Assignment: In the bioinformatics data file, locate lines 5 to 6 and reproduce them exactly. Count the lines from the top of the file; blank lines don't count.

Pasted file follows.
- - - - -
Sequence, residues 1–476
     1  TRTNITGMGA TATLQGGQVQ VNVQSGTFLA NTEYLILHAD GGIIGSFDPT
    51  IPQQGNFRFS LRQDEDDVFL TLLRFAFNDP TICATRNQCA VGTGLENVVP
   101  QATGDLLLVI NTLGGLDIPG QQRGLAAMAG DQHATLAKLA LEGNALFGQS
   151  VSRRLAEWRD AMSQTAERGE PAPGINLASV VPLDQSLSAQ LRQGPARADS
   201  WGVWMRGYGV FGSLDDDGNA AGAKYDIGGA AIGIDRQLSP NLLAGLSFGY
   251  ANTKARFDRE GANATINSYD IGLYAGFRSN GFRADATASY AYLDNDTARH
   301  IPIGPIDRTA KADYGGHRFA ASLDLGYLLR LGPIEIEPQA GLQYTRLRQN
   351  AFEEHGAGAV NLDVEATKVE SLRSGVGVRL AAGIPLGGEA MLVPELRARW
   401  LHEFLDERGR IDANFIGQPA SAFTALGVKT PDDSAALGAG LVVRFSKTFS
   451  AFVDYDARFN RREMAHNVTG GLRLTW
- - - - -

   151  VSRRLAEWRD AMSQTAERGE PAPGINLASV VPLDQSLSAQ LRQGPARADS
   201  WGVWMRGYGV FGSLDDDGNA AGAKYDIGGA AIGIDRQLSP NLLAGLSFGY